Larry Albert noted that the city has three other PAR projects with similar parking plans, and there’s another ROR project being developed by Robert and Nicki Hunt at 303 Pine Ave.
In addition, there is another project on Pine Avenue that involves motorists backing onto Pine Avenue from a parking location, he said.
Welch agreed there are problems with the city’s land-development regulations, particularly parking. And, he said, he and the P&Z board have already held one meeting to discuss changes to the parking regulations.
Dye said the city has “done everything right” in approving the PAR project, but indicated that many city projects do “not comply with parking regulations as well as they could.”
It’s common for the city to have interpretations of regulations, particularly concerning parking, because of the composition of the lots, especially in the ROR, he indicated.
Stoltzfus said he is “very safety conscious” and contended that the land-development regulations have not been applied properly in the planning process.
The PAR project on Pine “should have been rejected on that basis,” he claimed.
In fact, Stoltzfus said all approved ROR projects should have been denied by staff and sent to the city commission for review.
Dye said the city can encourage good parking design in the parking ordinance with a checklist of “thou shall and thou shall not,” but, in his opinion, the city commission has in the past always allowed leeway in parking designs.
Welch said that there are a lot of issues to look at in the city’s parking regulations.
Turner added another one, pointing out that under the city parking regulations, he and his deputies have no authority in a private parking lot.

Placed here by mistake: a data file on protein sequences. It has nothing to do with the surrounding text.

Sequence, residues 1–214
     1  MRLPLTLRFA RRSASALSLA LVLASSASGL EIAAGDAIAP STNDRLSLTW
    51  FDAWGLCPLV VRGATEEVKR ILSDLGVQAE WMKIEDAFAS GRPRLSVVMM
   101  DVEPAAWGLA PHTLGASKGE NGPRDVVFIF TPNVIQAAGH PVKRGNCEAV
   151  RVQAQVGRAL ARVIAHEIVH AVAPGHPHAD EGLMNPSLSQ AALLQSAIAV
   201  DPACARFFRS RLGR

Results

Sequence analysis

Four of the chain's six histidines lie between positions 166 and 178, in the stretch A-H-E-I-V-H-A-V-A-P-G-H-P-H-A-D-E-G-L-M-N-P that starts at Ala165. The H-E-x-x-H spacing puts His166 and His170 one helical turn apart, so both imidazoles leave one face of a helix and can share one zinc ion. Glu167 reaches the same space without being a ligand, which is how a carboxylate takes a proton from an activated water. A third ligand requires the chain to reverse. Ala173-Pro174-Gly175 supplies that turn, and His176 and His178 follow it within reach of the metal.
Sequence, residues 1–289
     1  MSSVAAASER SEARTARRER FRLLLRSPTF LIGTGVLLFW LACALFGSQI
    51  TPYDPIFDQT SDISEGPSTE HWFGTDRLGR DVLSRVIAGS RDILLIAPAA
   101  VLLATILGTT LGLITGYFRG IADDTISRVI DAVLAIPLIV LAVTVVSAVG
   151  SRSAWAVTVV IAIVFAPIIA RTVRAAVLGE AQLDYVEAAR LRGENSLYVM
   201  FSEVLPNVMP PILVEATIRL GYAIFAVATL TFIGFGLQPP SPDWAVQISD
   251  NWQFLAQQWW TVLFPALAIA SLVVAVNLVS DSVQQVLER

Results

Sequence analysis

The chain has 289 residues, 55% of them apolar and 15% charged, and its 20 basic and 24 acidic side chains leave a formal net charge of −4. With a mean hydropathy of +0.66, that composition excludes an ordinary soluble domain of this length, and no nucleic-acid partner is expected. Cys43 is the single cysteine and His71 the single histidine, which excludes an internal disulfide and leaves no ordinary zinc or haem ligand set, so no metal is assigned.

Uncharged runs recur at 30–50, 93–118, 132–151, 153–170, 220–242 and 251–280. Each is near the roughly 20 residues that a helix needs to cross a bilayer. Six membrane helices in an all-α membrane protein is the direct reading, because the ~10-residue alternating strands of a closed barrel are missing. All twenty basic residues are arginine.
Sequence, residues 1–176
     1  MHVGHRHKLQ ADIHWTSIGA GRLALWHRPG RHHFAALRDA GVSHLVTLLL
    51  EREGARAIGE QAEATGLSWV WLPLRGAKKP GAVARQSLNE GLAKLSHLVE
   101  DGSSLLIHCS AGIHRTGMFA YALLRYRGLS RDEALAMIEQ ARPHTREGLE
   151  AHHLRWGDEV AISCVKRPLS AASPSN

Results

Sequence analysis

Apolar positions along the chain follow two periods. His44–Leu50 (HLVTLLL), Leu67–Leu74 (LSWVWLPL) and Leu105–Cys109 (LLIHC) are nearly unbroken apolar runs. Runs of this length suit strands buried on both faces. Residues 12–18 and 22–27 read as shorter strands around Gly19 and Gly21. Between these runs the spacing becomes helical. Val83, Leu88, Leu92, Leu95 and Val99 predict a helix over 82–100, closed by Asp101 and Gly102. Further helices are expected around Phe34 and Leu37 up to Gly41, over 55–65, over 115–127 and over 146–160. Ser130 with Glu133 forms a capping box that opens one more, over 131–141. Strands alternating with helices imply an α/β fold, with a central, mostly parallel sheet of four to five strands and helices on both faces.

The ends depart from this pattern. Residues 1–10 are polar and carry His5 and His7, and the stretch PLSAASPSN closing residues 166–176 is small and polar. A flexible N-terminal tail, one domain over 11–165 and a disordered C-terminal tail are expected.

Property owners cannot have illegally parked cars towed, and deputies cannot intervene in such cases.
As an example, he said someone who works on Pine Avenue could park at the Anna Maria Island Community Center all day without fear of being towed.
Turner also observed that most private parking lots in the city make no accommodation for a handicap parking space.
He also said he is unaware of any accident report on Pine Avenue involving a vehicle backing out of a parking space.
In response to a suggestion that the speed limit on Pine Avenue be lowered to 15 mph, Turner said it could be whatever the commission wants.
Pearman apologized for resigning from the committee at its first meeting and suggested that there should be compromises on many parking issues.
Agreed, said Albert. “We have to live with what we got, but maybe we can improve” the regulations.
Stoltzfus said he planned to have another meeting this week, but set no time or date. He later scheduled the committee meeting for Dec. 1, although it was canceled Monday, Nov. 30.
The committee’s report is due at the commission work session at 6 p.m. Thursday, Dec. 3.
Following the safety committee meeting, Coleman said he was pleased at the final direction of the committee.
“There was good dialogue. I believe there is a broad cross-section of citizens on the committee and I’m encouraged.”
Mattick, however, said Stoltzfus appears more concerned about politics than solving a problem.
“It’s clear that that thing is politically motivated. It’s all directed against PAR,” she said.
City resident Mark Alonso, commented after the meeting that the parking situation on Pine Avenue has been around for decades.
“Everyone on Pine Avenue has to back out into the street. Why is PAR being singled out?”